While current revenue streams are supporting MREMS operations, there’s no predictable funding source for new ambulances, according to Fuller.
MREMS is currently running ambulances that are 12 and 18 years old, respectively, he said.
“The equipment needs to be updated much more frequently than that,” Fuller stressed, “and when you’re running vehicles that old, the wear and tear adds up. So you’re spending more on maintenance than you really should be. There’s also not a lot of resale value when you go to sell ambulance with 200,000 miles.”
Historically, MREMS has sent out donation appeals to the community when a new ambulance is needed.
“We don’t think that’s a sustainable model, so we’re asking for an increase from each of the member towns so we can fund and establish an ongoing equipment replacement fund,” Fuller said.
A per-capita increase to $10 from member towns would immediately generate another $160,000 in revenues that would allow MREMS to replace its next ambulance in 2026 when it is nine years old, Fuller explained. Then the organization would be able to adopt a schedule, beginning in 2028, of replacing an ambulance every two years once it turns eight years old, according to Fuller.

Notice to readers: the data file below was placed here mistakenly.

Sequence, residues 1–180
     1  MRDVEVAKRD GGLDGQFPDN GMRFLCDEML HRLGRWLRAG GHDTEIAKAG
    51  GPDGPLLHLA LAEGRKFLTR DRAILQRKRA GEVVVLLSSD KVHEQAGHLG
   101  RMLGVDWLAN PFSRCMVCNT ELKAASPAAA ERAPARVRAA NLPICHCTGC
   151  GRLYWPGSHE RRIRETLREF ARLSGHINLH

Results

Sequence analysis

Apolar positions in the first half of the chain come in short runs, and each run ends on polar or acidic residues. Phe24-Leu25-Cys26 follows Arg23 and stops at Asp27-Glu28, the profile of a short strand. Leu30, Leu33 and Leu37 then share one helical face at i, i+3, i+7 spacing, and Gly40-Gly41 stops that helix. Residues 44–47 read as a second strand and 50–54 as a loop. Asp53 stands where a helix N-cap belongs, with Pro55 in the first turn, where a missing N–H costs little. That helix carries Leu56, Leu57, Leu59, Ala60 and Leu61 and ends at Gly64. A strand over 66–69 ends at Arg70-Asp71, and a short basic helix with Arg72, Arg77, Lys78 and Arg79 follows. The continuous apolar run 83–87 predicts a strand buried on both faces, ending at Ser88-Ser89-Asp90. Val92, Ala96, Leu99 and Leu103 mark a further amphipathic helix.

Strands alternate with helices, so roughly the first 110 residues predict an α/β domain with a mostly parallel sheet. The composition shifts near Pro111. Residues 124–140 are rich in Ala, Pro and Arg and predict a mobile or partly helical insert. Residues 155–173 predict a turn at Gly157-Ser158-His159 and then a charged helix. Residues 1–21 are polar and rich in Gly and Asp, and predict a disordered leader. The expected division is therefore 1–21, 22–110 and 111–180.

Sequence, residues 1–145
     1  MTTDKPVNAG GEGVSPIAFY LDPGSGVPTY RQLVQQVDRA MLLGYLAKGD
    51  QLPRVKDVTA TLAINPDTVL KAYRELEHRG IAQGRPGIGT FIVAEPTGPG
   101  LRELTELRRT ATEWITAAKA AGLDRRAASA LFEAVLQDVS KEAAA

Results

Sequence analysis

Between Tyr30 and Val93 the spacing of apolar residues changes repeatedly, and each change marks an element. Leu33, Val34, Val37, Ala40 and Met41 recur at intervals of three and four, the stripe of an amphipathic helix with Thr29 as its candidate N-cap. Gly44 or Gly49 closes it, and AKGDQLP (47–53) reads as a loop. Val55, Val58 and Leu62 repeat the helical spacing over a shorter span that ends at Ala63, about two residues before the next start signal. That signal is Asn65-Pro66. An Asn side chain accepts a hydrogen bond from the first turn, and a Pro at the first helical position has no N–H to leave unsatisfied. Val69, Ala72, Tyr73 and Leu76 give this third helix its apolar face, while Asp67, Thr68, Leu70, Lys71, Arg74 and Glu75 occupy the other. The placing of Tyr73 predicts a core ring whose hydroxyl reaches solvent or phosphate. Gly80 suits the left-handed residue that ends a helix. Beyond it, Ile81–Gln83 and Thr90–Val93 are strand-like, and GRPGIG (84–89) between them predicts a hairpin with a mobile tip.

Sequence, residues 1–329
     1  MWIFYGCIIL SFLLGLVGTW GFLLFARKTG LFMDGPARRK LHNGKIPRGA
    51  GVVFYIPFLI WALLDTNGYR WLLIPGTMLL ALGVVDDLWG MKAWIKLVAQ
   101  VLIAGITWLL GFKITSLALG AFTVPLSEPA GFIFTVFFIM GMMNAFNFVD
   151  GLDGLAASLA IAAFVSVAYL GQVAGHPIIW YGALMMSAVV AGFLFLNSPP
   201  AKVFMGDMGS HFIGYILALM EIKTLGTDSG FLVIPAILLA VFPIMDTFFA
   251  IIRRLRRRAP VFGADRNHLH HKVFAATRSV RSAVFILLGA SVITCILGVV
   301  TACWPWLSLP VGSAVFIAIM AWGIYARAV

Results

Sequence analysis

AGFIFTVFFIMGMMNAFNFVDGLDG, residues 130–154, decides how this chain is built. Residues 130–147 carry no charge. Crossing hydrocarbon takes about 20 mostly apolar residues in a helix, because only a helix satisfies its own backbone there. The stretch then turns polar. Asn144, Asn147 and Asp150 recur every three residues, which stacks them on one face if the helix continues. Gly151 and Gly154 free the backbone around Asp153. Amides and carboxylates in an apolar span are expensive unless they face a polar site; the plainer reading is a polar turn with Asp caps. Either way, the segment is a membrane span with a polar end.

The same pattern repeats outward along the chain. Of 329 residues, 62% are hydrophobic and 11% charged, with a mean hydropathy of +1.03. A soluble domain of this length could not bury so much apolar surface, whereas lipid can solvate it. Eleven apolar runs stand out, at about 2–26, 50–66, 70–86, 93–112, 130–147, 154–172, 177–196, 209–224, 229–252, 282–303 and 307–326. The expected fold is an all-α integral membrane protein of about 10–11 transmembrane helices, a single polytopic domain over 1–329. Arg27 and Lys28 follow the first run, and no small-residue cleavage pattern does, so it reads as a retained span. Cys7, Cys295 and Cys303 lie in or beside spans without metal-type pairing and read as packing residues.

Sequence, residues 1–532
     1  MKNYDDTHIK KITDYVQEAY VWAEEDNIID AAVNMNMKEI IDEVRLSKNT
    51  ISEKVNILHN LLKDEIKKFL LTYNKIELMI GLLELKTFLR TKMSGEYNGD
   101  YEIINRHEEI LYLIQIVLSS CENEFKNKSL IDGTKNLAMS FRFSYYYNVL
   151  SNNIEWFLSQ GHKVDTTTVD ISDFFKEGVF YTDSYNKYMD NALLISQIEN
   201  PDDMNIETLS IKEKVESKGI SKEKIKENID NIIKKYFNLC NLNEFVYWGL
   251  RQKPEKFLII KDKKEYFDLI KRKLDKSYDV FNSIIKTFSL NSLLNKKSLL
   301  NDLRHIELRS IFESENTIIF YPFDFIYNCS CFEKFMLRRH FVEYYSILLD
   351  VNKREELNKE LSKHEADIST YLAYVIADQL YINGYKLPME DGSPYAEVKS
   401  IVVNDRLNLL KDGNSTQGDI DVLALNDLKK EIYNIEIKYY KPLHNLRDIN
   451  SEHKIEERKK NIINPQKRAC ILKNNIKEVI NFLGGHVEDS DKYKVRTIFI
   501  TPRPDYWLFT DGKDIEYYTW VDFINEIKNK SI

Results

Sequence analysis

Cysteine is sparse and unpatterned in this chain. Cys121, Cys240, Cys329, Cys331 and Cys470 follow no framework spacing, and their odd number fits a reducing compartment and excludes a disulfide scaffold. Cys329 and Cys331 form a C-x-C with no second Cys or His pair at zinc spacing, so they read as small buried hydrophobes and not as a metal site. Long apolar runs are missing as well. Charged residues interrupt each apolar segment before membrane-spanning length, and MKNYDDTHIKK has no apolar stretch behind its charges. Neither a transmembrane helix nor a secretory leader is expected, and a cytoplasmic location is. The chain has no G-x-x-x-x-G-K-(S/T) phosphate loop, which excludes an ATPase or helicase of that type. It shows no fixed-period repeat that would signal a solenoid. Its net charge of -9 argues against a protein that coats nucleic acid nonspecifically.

Some town meeting attendees said MREMS’ request should be approved. Others — while extolling the value of the organization’s services — argued the proposed quadrupling of the town’s financial commitment should be more thoroughly vetted by the selectboard before becoming etched in stone.
“This is a large increase in a contribution to a nonprofit,” resident G. Kenneth Perine said.
It was an increase that might send the wrong message to other nonprofits seeking Middlebury taxpayers’ support, added resident Mark Mooney. He said the proposed increase of $63,720 “may set a precedent for other agencies to look at Middlebury for substantial donations, knowing this one may pass. I’m not questioning the service provided, but a quadruple increase in one year I think is extraordinary and the selectboard should vet this before we approve it.”
Resident Victoria DeWind successfully moved to amend the article so that it would, if approved, set Middlebury’s MREMS donation at $84,960 for next year only. It requires the selectboard return to the 2021 town meeting with a longer –term funding recommendation for the organization.